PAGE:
Interestingly, the two-tone font of Food Fight wasn't just to provide shading. Putting darker or lighter pixels in the angled corners was a common early attempt at font anti-aliasing.

The introductory pages provide a detailed context in which to review the hundreds of photographs that are the meat of the book. Each of a handful of chapters is dedicated to a specific style, and within each style are many examples of the variations different companies and games used to make their text distinct or stand out against the backdrop of gameplay. The most common, and recognizable of which is the beloved Atari font, more formally known as Sans Regular. Omagari provides a lot of detail and does his best to go into the origins of many of the fonts, but in many cases a font variant's origins are unclear. The industry has never been good at archiving itself, and due to many Japanese game company staff not being able to use their real names in a game's credits, the original font designers' names are more often than not lost to time.

Even though the history of some of the fonts presented in this book aren't clear, each one is featured with pictures of their complete alphabets (except in cases where a font doesn't include certain letters) and coloring, all within the pixel-grid boundaries in which the designers had to work. Looking at a typeface outside of the game is a unique thing. Sometimes it results in a font that is harsh on the eyes or difficult to read without the game art behind it for contrast. Other times it presents a clearer view of the details of the letters than you could ever get in-game. Occasionally a font is paired with a full picture of the game itself. These pages were some of the most interesting, as I was able to compare the font on its own with the in-game text.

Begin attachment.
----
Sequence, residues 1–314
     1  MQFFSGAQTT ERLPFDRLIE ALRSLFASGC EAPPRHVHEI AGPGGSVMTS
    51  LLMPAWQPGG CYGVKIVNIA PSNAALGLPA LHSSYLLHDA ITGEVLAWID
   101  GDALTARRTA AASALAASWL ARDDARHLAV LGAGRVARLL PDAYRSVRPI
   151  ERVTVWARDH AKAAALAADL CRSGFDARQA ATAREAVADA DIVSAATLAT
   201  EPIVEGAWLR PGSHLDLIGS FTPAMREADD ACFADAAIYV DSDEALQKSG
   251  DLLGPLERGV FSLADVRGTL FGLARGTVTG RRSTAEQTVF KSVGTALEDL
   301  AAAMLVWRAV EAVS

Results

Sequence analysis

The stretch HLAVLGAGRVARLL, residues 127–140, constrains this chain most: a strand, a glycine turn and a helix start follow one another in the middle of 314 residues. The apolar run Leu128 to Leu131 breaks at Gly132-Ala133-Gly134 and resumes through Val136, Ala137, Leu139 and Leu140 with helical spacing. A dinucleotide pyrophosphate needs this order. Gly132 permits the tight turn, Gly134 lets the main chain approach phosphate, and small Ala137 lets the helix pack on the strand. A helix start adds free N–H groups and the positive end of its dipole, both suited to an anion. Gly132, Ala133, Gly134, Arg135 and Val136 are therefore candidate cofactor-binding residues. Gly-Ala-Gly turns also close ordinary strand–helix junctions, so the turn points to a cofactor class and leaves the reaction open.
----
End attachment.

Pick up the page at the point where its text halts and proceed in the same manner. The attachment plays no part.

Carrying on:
Gotta love that After Burner font. Even with the inconsistency of upper and lowercase letters in the same type set, its cool factor is undeniable, and was a great fit for the frantic game with which it was paired.

There are some parts of this book that can seem dry and boring for someone who isn't a typography geek, but Omagari does a good job of making the descriptions of style differences easy to understand for someone who isn't steeped in font vernacular. It also helps identify failures, such as when font designers did crazy things with letters like 'Q' or 'S'. Even without the technical font jargon though, Arcade Game Typography works as an art showcase for a part of gaming's past that is often overlooked. To be able to read about old fonts and look at them at length outside the context of their respective games is a fun and unique experience. I'm happy to put this book on my shelf next to the other non-fiction gaming reference titles in my collection, and I recommend it for anyone else interested in such things.

The Calligraphy & Lettering section housed some of the more stylized and interesting typefaces used.

If you have any off-the-beaten-path gaming art or reference books you've enjoyed, I'd love to hear about them. Let us know in the comments if you have any you'd like to share.

**Arcade Game Typography: The Art of Pixel Type is available at the publisher's website, or other online book sellers like Amazon**
**Note: All products I review are bought and paid for myself, unless otherwise stated**